"It was great," said Smith. "I love the spirit around here. Everybody seemed to be upbeat. People seem like they want to be here. It doesn't seem like work anymore. It seems like it's back to the way it was when we were kids and young. That's when we play our best ballwhen we know it's fun."
The Buccaneers selected Smith in the third round of last year's NFL Draft out of the University of Akron. While he saw significant playing time on special teams, he was the odd man out of a talented cornerback rotation that included Pro Bowler Ronde Barber, Brian Kelly and Donnie Abraham. But with one year under his belt and the defensive system still intact, Smith is looking forward to playing instead of thinking.
"There's no more thinking involved," said Smith. "It's all about confidence. When you know what you're doing, you're more confident out there and you're move fluid. I can see other new guys now like Corey Chamblin being how I was last year, and I can see the difference. All I'm trying to do is work to get better."
Gruden's enthusiasm has been contagious. Bucs defensive backs coach Mike Tomlin, who had a quiet type of coaching approach last year, was just as vocal as the other assistant coaches at the recent mini-camp. Smith says both players and coaches are simply a reflection of their head coach.
"Your coach is the epitome of the team," said Smith. "If your coach is very active, then you're going to be very active. He (Gruden) brought a lot of energy and he brought new things, and everything knew to you, you want to do. It's fun to do and everyone seems like they've grabbed onto him, and we're ready to follow him to wherever he wants to lead us."
Former Tampa Bay head coach Tony Dungy had a calm demeanor, and although he was the most successful coach in franchise history, his message apparently started to fall on some deaf ears toward the end of his tenure with the Buccaneers. While Smith was dispirited by Dungy's departure, he is convinced the change was a good one. "I don't know if anyone can fill Coach Dungy's shoes," said Smith. "But it's a great change. They have two different types of coaching. One is laid back and one is in your face. Anytime you need change, you should change for different. That's the type of coach we probably needed because we didn't need another coach who would come in here laid back because we would've had the same thing going on. So, I think it was a great move if Dungy had to leave."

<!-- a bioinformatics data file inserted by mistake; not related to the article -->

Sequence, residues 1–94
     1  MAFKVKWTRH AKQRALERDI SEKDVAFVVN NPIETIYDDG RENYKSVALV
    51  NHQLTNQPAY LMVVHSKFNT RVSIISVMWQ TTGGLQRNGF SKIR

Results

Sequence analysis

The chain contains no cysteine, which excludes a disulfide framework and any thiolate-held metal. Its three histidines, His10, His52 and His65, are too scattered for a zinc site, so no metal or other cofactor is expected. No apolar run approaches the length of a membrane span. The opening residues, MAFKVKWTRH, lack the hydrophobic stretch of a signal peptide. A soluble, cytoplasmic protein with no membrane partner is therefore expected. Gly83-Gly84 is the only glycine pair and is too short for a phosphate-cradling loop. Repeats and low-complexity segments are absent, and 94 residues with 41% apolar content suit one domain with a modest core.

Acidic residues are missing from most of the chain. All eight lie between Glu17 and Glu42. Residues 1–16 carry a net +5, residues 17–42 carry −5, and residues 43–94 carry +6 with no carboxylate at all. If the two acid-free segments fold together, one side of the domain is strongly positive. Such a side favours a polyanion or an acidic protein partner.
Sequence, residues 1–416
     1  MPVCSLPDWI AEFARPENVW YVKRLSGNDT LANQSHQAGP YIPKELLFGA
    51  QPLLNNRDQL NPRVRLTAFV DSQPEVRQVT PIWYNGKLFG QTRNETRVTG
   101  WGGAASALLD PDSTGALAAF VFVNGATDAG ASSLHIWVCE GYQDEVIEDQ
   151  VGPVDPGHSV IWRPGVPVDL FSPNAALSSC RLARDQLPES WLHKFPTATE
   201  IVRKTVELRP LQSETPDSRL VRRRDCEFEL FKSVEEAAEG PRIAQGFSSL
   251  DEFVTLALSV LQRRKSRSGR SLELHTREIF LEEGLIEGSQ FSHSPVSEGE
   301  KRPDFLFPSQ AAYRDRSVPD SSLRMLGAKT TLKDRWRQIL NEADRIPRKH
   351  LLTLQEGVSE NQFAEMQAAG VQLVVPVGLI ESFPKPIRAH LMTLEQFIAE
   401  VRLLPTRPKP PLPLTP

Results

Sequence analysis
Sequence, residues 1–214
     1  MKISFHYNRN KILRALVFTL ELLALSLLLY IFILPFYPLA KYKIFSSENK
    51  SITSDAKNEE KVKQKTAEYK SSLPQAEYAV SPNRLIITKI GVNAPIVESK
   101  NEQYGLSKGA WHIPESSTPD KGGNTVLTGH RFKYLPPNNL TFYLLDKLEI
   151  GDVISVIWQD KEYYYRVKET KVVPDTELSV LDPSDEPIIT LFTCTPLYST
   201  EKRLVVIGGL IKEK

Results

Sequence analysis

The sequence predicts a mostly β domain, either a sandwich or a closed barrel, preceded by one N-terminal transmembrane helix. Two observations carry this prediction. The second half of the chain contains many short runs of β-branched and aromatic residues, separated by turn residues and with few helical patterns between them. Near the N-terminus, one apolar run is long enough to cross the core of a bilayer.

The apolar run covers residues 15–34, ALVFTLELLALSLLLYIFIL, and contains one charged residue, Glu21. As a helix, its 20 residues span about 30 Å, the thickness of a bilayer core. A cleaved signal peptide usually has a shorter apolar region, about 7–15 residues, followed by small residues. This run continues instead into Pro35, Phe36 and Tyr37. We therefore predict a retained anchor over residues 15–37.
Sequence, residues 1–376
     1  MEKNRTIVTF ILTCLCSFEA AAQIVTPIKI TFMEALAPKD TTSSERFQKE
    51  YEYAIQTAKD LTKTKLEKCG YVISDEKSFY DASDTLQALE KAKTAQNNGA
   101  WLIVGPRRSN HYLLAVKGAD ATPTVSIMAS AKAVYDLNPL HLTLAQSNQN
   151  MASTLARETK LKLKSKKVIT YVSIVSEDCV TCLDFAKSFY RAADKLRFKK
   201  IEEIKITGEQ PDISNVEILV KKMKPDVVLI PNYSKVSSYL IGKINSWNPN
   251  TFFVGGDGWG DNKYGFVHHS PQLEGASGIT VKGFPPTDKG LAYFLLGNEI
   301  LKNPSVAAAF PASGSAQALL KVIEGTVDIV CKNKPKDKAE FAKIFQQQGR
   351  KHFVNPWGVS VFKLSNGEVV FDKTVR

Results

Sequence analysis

Dwight Smith likes Jon Gruden and his fiery demeanor. But he also likes the fact that he's going to see some significant action in Tampa Bay's secondary this season.
Tampa Bay demoted Abraham from starting cornerback to nickel back just a few weeks into the regular season last year, but he still managed to record 45 tackles and six interceptions since the defense played so much nickel. The Bucs released Abraham last month due to his high salary. While it's not etched in stone, Smith played nickel cornerback throughout this past weekend's mini-camp and seems like the most logical choice to replace Abraham at the position.
While Smith plans on taking advantage of the opportunity, he realizes it won't be easy to take the place of a player like Abraham, who ranks first in Tampa Bay history with 31 career interceptions.
"I'm ready for it," said Smith. "I'm trying to work this offseason to put the trust in my coaches to trust in me and believe that I can do it. I just want to get out there and play football. There are a lot of high expectations around here, because after Donnie leaves, that's six or seven picks a year. Somebody has to step in and help fill the void left by him, and that comes down on me. All I can do is stay around as much as possible, learn as much as possible and still go to Ronde (Barber) and Brian (Kelly) since they're still here, and just become the best football player Dwight Smith can be."
While Smith will likely occupy Tampa Bay's nickel cornerback position, he still expects to see action on special teams, where he led the team in tackles last season with 22.
"That's still my job," said Smith. "It's not like we have a lot of bodies around here so I can just be the nickel and not do that. My team expects me to make plays on special teams still, as well as at the nickel position. I have to step up and be in good enough shape where I can do the nickel and be on special teams."
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